Since moving to the country, Ade and I have become much more wildlife conscious and are keen to do all we can to help the local animal life. You may recall Ade built some bird-boxes last year which he positioned around the garden, and it took no time at all for the blue tits to move in. He also built Bugmetropolis; a structure made of old logs to offer shelter to insects and other creatures.
But the animal I’ve been really excited about encouraging into the garden is the hedgehog. Until last year, I hadn’t seen a hedgehog for about twenty years. Unfortunately, their numbers have declined drastically in recent years, so I wasn’t convinced I’d see another one any time soon. But sure enough, while Ade was rooting through a pile of wood chippings in our garden last summer, what did he come across? A hedgehog. He immediately called me over and I was so thrilled to see it! The hedgehog, however, was less than thrilled to see me. It appeared that Ade had disturbed him from his nap, and he wandered off grumpily into the hedge. Alas, we never saw him again. (He may well have been a she, incidentally!)
Anyway, fast forward to last Christmas when Ade and I set each other the challenge of including a homemade element to each other’s Christmas present. I’d been rather chuffed with the chocolate truffles I made him, but Ade put my efforts to shame when he unveiled this:
A hedgehog house. He built it himself from discarded bits of wood and other off-cuts. Isn’t it fab? I was so impressed! As was Daisy. (She thinks it’s hers, of course.)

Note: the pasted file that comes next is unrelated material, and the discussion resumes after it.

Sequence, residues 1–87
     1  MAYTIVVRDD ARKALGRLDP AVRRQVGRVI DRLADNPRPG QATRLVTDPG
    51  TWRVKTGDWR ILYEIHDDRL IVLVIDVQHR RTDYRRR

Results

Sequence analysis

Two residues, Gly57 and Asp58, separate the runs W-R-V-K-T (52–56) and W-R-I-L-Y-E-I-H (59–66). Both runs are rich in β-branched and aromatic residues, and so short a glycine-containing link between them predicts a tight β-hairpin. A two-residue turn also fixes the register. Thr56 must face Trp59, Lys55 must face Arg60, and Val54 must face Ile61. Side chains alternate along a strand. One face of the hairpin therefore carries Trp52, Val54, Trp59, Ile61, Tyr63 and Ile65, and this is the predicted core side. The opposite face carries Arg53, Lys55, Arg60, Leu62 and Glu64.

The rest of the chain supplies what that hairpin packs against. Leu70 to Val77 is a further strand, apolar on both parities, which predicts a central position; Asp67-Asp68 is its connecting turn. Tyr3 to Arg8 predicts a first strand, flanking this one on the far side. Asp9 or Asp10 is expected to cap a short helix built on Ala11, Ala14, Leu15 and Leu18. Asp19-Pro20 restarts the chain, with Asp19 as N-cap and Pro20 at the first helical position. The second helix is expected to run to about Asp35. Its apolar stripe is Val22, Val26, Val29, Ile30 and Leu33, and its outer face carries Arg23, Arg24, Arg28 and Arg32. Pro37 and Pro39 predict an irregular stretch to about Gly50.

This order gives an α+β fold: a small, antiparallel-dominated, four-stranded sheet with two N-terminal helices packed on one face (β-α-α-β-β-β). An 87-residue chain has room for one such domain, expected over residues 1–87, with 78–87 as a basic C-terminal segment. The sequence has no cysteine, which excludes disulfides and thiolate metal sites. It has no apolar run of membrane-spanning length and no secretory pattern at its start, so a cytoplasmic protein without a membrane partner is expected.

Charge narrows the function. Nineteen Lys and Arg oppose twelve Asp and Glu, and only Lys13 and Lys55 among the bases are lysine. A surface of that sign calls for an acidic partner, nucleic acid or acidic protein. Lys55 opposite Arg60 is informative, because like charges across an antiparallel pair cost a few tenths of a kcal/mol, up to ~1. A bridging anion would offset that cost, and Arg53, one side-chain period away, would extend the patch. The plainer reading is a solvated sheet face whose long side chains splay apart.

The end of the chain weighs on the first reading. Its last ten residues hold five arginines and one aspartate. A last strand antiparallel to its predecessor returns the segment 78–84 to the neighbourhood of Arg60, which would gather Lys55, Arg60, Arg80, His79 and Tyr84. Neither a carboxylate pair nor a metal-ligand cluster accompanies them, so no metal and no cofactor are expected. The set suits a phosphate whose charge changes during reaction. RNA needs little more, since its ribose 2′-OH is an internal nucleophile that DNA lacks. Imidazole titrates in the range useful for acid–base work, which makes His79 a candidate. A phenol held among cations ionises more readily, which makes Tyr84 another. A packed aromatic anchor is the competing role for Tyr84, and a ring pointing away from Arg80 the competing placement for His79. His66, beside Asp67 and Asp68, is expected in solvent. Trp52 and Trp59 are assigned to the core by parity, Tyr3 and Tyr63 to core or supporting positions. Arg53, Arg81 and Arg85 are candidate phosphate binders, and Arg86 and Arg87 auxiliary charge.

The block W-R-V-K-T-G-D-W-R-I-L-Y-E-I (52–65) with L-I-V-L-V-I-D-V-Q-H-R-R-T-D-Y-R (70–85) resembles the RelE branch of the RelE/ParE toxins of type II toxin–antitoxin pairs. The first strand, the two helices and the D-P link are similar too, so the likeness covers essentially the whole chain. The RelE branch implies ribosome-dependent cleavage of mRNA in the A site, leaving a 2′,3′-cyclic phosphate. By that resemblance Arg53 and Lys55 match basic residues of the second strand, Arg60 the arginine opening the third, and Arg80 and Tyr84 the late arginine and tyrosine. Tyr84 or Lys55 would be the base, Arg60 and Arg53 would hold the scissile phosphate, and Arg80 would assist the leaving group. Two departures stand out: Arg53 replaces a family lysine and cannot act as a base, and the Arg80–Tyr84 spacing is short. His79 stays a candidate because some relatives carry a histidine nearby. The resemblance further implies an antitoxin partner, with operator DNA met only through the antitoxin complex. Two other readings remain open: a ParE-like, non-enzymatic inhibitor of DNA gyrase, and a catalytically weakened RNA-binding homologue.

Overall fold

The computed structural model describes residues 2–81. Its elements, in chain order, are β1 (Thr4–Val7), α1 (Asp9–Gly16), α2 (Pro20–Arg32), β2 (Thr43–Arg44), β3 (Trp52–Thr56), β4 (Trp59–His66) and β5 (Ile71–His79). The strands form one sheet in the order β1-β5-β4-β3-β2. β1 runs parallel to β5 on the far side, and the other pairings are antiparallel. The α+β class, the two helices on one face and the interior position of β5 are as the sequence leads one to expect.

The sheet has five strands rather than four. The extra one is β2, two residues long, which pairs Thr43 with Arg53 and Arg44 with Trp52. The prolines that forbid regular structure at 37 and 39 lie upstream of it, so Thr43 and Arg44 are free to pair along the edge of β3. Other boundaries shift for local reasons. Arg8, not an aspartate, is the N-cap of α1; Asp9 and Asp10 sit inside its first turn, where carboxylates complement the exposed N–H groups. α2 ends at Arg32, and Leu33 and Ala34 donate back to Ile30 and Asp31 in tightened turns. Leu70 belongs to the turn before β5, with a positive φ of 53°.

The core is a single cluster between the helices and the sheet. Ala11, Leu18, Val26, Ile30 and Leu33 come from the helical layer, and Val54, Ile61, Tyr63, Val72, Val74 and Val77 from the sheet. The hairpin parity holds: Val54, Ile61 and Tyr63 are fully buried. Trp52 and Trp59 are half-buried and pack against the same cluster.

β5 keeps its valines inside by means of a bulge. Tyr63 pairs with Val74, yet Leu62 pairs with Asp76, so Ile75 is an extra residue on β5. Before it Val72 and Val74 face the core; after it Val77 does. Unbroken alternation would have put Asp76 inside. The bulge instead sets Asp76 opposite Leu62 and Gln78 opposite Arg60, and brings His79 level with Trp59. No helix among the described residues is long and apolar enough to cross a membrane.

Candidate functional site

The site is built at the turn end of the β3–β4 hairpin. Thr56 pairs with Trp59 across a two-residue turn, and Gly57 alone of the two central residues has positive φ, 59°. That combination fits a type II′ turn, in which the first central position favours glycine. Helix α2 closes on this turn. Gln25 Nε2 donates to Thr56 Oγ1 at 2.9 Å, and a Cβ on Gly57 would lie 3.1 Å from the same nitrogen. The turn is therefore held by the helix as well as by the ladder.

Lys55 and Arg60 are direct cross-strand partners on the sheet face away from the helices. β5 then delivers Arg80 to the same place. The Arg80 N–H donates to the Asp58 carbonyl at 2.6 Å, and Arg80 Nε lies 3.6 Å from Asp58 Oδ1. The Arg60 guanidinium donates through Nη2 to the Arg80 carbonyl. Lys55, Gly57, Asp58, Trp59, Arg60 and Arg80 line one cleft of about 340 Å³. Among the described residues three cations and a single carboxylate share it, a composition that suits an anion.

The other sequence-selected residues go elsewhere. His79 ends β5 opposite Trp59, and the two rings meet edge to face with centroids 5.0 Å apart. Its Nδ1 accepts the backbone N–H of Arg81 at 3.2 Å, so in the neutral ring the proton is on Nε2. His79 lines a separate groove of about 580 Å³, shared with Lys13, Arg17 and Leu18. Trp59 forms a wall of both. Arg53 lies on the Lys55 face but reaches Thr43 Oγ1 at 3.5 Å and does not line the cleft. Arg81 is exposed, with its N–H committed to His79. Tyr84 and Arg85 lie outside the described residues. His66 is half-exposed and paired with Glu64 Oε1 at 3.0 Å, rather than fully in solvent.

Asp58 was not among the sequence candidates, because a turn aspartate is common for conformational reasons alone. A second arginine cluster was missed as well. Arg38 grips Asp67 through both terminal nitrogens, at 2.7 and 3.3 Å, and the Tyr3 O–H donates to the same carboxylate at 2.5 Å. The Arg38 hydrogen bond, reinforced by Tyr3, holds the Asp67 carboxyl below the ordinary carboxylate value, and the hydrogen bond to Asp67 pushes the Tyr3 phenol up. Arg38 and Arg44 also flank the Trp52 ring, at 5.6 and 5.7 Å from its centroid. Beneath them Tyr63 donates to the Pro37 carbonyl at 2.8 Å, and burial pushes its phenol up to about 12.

There’ll be no sign of any hedgehogs until at least March when they awaken from their hibernation, at which point we’ll find a quiet spot for the hedgehog house, line it with newspaper and dried grass, camouflage it, and see who claims it!
But while we wait for our prickly pals to emerge from their winter slumber, there are plenty of other ways to enjoy nature in the UK this January:
• Snowdrop Surveillance
Have you spied any yet? I spotted my first clump of snowdrops in a neighbour’s garden on New Year’s Day!
• The Big Garden Birdwatch
Spend an hour monitoring the birds in your garden or local park between 25-27 January and submit your results to the RSPB. You can register for free here and the data you provide helps the RSPB monitor bird populations in the UK, enabling them to identify any problems. We’ve got so much birdlife in our garden and we’re really looking forward to kicking back for an hour with a cup of tea and recording our findings.
It’s time to awaken the fruit trees in readiness for spring with some song, dance and cider-fuelled revelry to encourage a bountiful harvest! This ancient tradition is having an unexpected revival at the moment and there are wassailing events taking place all over the country so keep an eye out for what’s happening near you. National Trust events are listed here.
Have a great week!